Lane Swapping for Beginners

Dec 21, 2015

lane swap

Over the past few years, lane swapping has become an integral part of competitive League of Legends.  Teams that pull it off, often end up destroying in the early game, making it easier to secure a win. Lane swapping is an interesting mechanic, mainly due to it almost never being used in solo queue. In order to truly pull off the lane swap, one must have team coordination, communication, and map awareness. In solo queue, you are lucky if your teammates know how to last hit.

What exactly is a lane swap? It’s exactly as it sounds, the ADC and support switch places with the top laner. Their top laner can either fight the jungle camps for experience with the jungler, or go bot and try not to lose too hard in a 2v1. But why would you willingly put one of your teammates at a disadvantage?.

The overall main purpose of a lane swap is to destroy the first tier tower before your opponents can get theirs. In an ideal world, you would push down your enemy’s tower, go back to base, then return bottom before your tower falls. You now have a gold and item advantage on their bot lane duo. Now this rarely happens nowadays, with double jungling becoming a staple in the meta. Usually both towers go down at the same time, creating a farm off until mid game.

There are many other factors into determining if you need to lane swap though. Does your bot or top lane have an unfavorable match up? Will they take out their tower faster than yours? Did my team put down deep wards to spot the enemy if they try to counter?  Factors like this determine if the lane swap is right for you.

When lane swapping became popular in Season 4, everyone thought they could do it. I would get teammates in my silver games (I was a pleb once) who would try to lane swap. All that would happen is our top laner would get crushed, either flaming or rage quitting, and we would lose our bottom tower. There is almost no communication in solo que, aside from the passive aggressive ping or toxic complaint. LCS teams have coordination, so this is the one game strategy it really is best to leave to the pros.

Performing a lane swap requires some actual knowledge and skill, unlike playing Riven. When an ADC and support first get to the top lane they need to make sure not push the wave. This allows your support to zone off the enemy top laner and gain more gold/experience. Slowly but surely you stack up a large enough wave to crash into their tower, two or three waves is sufficient.  A fast push strategy is the popular choice, using the jungler and top laner as support, especially in today’s meta. At this point your opponent has either done the same, or your team has a sizable lead -which can either rotate to mid lane or take another objective.

Minions are the unsung heroes of the lane swap. An odd thing you may have noticed the pros do is wait around a tower while it is low, but not auto attack it. They let the tower kill off every minion with a tower blast, then hit it one last time. This “resets” the wave, meaning that both waves will meet in the middle of the lane, so the wave won’t push back to the opponent. Letting a wave stack up and push back to your opponent can give them free experience and gold which they wouldn’t have otherwise. Starving your opponent of resources is how you win games.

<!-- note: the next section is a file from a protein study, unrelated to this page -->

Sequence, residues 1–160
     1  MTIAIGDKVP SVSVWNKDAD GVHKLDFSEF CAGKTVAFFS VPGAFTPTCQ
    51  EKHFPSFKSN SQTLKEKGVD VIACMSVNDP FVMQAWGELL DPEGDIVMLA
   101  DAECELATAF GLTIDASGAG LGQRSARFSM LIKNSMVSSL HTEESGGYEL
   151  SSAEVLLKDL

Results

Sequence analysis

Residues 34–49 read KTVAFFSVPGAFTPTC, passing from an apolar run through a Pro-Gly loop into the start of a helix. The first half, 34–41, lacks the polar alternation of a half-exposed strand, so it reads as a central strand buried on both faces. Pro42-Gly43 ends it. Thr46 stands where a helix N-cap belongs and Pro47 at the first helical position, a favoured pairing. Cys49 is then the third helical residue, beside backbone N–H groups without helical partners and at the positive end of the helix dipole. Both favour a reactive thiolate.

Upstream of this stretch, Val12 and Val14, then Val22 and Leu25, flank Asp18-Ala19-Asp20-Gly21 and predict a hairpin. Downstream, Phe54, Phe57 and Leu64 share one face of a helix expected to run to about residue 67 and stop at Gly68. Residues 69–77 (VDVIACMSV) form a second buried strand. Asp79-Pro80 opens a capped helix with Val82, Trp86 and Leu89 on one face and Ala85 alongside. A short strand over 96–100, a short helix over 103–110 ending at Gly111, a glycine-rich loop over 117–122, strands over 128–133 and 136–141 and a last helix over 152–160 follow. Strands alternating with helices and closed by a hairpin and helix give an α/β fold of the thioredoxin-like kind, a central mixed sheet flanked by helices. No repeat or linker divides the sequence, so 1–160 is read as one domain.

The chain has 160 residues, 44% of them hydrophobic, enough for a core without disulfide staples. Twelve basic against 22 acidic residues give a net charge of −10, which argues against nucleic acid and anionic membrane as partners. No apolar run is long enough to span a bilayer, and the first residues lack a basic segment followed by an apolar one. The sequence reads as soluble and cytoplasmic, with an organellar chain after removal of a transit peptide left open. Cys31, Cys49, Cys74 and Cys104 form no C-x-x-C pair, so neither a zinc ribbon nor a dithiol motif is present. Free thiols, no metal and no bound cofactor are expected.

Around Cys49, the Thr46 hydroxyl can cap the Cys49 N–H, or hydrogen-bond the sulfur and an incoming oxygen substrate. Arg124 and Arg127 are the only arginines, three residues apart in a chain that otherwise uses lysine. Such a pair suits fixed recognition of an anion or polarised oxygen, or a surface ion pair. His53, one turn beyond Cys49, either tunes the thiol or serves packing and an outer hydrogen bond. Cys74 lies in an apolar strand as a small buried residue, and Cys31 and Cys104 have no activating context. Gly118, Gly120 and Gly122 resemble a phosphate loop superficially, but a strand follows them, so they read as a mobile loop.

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An important thing to note is who is going to get the tower’s local gold, meaning the people around the tower when it falls get a bit of gold. If your top laner is going to have a hard time farming afterwards, like a Malphite, then it might be best to give him solo experience. If you have an ADC like Jinx or Tristana that need to snowball, it might be better to give it to them.

Say you have a Twitch/ Alistar lane and the enemy has a Miss Fortune/ Janna. Now their team has an impressive early game and kite potential, while you won’t do any damage until items are bought and scaling is acquired. You can both go into lane and try your best, or you can take on their top laner instead. MF/Janna will automatically have the better match up, so pairing them against one person will allow you to get more farm and experience. A favorable lane match up can win you the game.

Some top laners do better than others in lane swaps. Putting a Renekton into a 2v1 might not be the smartest idea. He scales poorly and takes away his early game aggression and lane bully status. Now a Jax might not get stomped too hard. He can farm under tower very well and gets his power spike after a few items. Delaying a Rage blade for a few minutes while the rest of your team gets ahead, is a fair trade. Champions with strong wave clear or ranged spells like Rumble and Ryze, are also very good in lane swaps.

With the start of the preseason, lane swaps are becoming even more common. The games are shorter than last season, so early game leads have become more important. Riot’s new purple monster, the Rift Herald, gives a mini baron buff to one player and global gold. The dragon’s buffs are nice, but they only really make an impact once you get five. This makes having control over the top lane more important than the bottom. Lane swaps, for better or worse, aren’t going anywhere.

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Free lance writer with a Journalism degree, obsessed gamer, and Pez collector. I'll beat anyone at League of Legends trivia. Follow me @KapMizzy.
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